Received by mail:
For contact – links concerning this subjects: UNMSP project;
World Summit On the Information Society (WSIS), Civil Society Working Groups:
Director, Scientific Information Developement Laboratory, Knowledge Networks and Information Society ENSTA, 32 Blvd Victor, 75739 PARIS, cedex FRANCE, Phone: +33 1 45 52 60 19, Fax: +33 1 45 52 52 82, mail, web.
WSIS Civil Society Working Group on Information Networks Governance.
Within the overall framework of the implementation of the recommendations of the World Summit on the Information Society, it appears that political and ethical standards demand the formation of a Civil Society working group. The “Civil Society” must be clarified as a group of people sharing such core values as openness, transparency, public interest, diversity, inclusion and a sincere concern for sustainable development, in bridging the digital divide. “Civil Society” shall not be defined “subtractively” as a group of people who neither belong to the government nor business sectors.
In this view, “Civil Society” must be differentiated from the “Internet Community”, which is increasingly dominated by the technico-industrial complex that manages critical internet resources.
The working group is going to deal with all governance issues related to all information networks, which include not only Internet Governance, but also governance of Telecommunication networks and especially Next Generation Networks. This site Wsis-Gov.org is now the site of the WSIS Civil Society Working Group on Information Networks Governance.
Linguistic Diversity, either with the help of different page versions, or with embedded automatic translation is fully acknowledged, with linkage with the Dynamic Coalition on Linguistic Diversity.
Monday 03 September 2007. The formal announcement ( speech ) of the group formation was made by its founding president : Louis Pouzin, during the IGF Open Consultations on Monday 3 September 2007, at the Palais des Nations, in Geneva:
Thank you Mr Chairman,
I wish to use this opportunity to announce the creation of a new working group in the Civil Society. This group is called Civil Society Working Group on Information Networks Governance.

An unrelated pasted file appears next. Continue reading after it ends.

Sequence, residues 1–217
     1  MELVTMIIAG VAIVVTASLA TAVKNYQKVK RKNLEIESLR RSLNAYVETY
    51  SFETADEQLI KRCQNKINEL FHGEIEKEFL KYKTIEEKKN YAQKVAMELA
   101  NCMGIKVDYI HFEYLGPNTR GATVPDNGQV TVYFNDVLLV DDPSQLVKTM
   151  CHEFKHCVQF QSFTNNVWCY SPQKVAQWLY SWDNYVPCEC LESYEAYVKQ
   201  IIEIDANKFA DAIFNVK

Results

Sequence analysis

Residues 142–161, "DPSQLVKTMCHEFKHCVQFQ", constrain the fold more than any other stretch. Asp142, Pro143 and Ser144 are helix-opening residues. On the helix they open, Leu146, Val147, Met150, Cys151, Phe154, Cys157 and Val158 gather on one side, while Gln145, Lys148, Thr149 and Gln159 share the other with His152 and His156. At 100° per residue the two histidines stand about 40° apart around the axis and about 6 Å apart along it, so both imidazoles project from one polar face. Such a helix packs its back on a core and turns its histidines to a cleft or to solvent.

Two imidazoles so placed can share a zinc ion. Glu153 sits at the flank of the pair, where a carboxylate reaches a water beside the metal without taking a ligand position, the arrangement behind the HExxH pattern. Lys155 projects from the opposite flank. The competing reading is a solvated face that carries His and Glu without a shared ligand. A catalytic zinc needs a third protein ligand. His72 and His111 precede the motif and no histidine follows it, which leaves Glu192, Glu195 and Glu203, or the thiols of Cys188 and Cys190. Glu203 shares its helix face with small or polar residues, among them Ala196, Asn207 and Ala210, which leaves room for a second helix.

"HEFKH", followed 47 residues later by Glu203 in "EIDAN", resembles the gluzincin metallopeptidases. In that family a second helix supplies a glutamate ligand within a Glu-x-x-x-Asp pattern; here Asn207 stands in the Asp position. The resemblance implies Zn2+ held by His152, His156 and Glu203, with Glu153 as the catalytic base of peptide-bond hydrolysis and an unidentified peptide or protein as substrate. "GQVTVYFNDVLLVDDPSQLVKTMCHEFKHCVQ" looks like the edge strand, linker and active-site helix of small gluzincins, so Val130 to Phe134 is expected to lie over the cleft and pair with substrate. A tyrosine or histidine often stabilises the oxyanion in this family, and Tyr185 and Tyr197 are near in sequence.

Why create another working group on Internet governance? Indeed, there is already a group called Internet Governance Caucus. From our observations there is in this group a strong presence of the Internet community, “Internity” for short. They have ties with some governments, with the business sector, with NGO’s, and with the domain name milk cow.
Quite a few people in the Civil Society do not share these interests. As a result there is no majority for a consensus on significant reforms of internet governance. It appears that it would be better to draw clearer lines, let the internet community lobby for its own turf, and have a Civil Society Working Group with a distinct agenda.
What agenda ? To identify, and promote enablers of societal development, taking full account of existing diversities, e.g. culture, language, geography, political system, etc. To adjust governance structures to people’s needs, rather than the opposite. In short, implement the Tunis Agenda.
What structures do we propose ? This working group is now created, as of 3rd September 2007. It is international. A chairman, or coordinator, whatever term the group prefers, is rotated every 6th month. The 1st one is myself. The group is multilingual, starting with English, French, Spanish, and other languages when it becomes practicable. There shall be an ethics committee, in charge of evaluating potential conflicts of interests. Additional mechanisms are needed, e.g. for nominations, votes, events, etc. They will be defined by the group. Participation is open to everyone abiding by the group rules, and not involved with the internet community.
A discussion list is open. Anyone may subscribe. People interested may join in now. Thank you.
Wednesday 12 September 2007,
Opening of discussions on the Mailing List, On the agenda of next discussions on the list:
- Urgent: proposal of panelists for the main sessions;
- Comments on the Advisory Group Report;
- Opacity and rule of silence?
- Betrayal of the mandate , No recommendations in the emerging issues session?
- Coalition reports and outcomes under control?
- Silence, no rotation here?
- Shall the human rights commission be contacted?
- Is an audit of the secretariat needed?
The May 2007 C5 Cybersecurity action line meeting:
- a setback for the ITU?
- Financial support for LDC IGF participants, a still born coalition? Search for a long term solution
- Coalitions that do not seek to get IGF outcomes and recommendations? phony groups or tools of diversion?
- The choice between lobbies’ anarchy and a new multi-stakeholder legal regime?
- Identification of obstacles to the implementation of the Tunis Agenda mandate.
- Means to empower local Civil Society groups.